“I apologize if this is inconvenient,” she began, and clasped her hands together with determination. “But I’ve only just started this job. I don’t know you. I don’t know if George Hamlyn is in the habit of lending out his trucks, and furthermore—”
“I’ll accept full responsibility.” He took his wallet from his back hip pocket and withdrew a business card, handing it to her.
Carly read the small print. Brand was a pilot who freelanced his services to freight operators.
“A hiker in Denali Park has been injured,” he explained shortly. “I’m meeting the park rangers and airlifting him to British Columbia.” The impatient way he spoke told Carly he wasn’t accustomed to making explanations.
“I … I …” Carly paused, uncertain.
“Do I get the truck or not?”
She unclenched and clenched her fist again. “All right,” she finally conceded, and handed over the set of keys.
He gave her a brief salute and was out the door.
She stood at the wide front window that faced the street and watched as Brand backed the pickup truck onto the road, changed gears, and sped out of sight. Shrugging one shoulder, she arched two delicate brows expressively. Life in the north could certainly be unnerving.
“A pilot,” she murmured. Flying was something that had intrigued her from childhood. The idea of soaring thousands of feet above the earth with only a humming engine keeping her aloft produced a thrill of adventure. Carly wondered fleetingly if she’d get the opportunity to learn to fly while in Alaska.
She paused, continuing to stand at the window. Her attraction to the rugged stranger surprised her. She preferred her men tame and uncomplicated, but Brand St. Clair had aroused her curiosity. She couldn’t put her finger on what it was now, but it felt as real and intense as anything she’d ever experienced. He exuded an animal magnetism. She’d been exposed to those male qualities a hundred times and had walked away yawning.
Whatever it was about him, Carly was intrigued. She found she was affected by their short encounter. She stood looking out the office window, watching the road long after the truck was out of sight.
Once the Formica counter was cleaned, the orders piled in neat stacks, and the boxes pushed to one side of the office, Carly took a short break. The phone rang several times and Carly wrote down the messages dutifully, placing them on George’s desk. A warehouse man came in and introduced himself before lunch, but was gone before Carly could question him about the truck Brand St. Clair had taken.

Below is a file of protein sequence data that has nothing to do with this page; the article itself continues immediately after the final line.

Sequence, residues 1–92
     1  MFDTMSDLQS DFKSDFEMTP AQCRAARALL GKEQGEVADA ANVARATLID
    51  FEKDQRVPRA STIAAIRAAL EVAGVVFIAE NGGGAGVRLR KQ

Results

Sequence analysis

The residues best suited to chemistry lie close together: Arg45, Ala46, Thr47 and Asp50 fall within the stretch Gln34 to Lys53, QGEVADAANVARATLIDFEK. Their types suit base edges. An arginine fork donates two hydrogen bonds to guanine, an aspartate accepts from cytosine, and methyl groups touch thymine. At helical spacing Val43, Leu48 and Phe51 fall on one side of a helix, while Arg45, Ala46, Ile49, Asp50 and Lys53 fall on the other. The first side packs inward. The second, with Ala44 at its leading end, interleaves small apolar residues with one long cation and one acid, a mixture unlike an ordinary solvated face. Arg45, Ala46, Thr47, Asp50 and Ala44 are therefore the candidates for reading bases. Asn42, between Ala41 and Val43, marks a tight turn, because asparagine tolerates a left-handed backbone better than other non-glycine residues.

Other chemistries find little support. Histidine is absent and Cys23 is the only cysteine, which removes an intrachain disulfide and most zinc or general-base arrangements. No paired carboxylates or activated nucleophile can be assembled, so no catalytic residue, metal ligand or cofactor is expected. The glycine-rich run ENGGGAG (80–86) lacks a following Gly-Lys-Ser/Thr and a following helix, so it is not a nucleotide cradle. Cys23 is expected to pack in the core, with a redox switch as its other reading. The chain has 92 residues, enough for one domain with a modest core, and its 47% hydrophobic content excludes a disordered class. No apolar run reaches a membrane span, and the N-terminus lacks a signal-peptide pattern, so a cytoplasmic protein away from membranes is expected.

With time on her hands, the afternoon dragged, and Carly busied herself by sorting through the filing cabinets. If the office was in disarray, it was nothing compared to the haphazard methods George Hamlyn employed for filing.
When George sauntered in around five he stopped in the doorway and glanced around before giving Carly an approving nod.
“I’d like to talk to you a minute,” she said stiffly. She wasn’t above admitting she’d made a mistake by moving to Alaska. She could cut her losses and head back to Seattle. If he needed someone to clean house, she wasn’t it.
“Sure.” He shrugged and sat down at his desk. Although George possessed a full head of white hair, he didn’t look more than fifty. Guessing his age was difficult. George’s eyes sparkled with life and vitality. “What can I do for you?” he asked as he rolled back his chair and casually rested an ankle on top of his knee.
Carly remained standing. “First off, I’m a freight traffic supervisor. I didn’t cart everything I own thousands of miles to clean your coffeepot or anything else.”
“That’s fine.” George’s smile was absent as he shuffled through the phone messages. “Contact a janitorial service. I’ve been meaning to do that myself.”
His assurance took some of the steam from her anger. “And another thing. Brand St. Clair was in and took … borrowed a truck. He said it was an emergency and I wasn’t sure if I should’ve stopped him.”
“No problem.” George glanced up, looking mildly surprised. His thoughts seemed to have drifted a thousand miles from her indignation. “One of these days that boy will come to his senses and give it up.”
“ ‘Give it up’?” Carly repeated, amused that she’d verbalized the thought.
George nodded, then set the mail aside. “I’ve been after Brand to join up with us. He’s a good pilot.” His eyes moved to Carly and he lifted one shoulder in an indifferent shrug. “Not likely, though, with all those medical bills he’s paying off. He can earn twice the money freelancing.”
“Medical bills?” Carly asked, curious find out what she could about the man.
George appeared not to have heard her question. “Any other problems?”
He shook his head, his eyes drifting to the stack of mail. “I’ll see you in the morning, then.”
There was no mistaking the dismissal in his tone. Already he had turned his attention to the desk.
Carly left the office shortly afterward, wondering how much longer George would be staying. The man was apparently married to his job. There was little evidence in the office that he had a wife and family. And the hours he seemed to keep would prohibit any kind of life outside the company.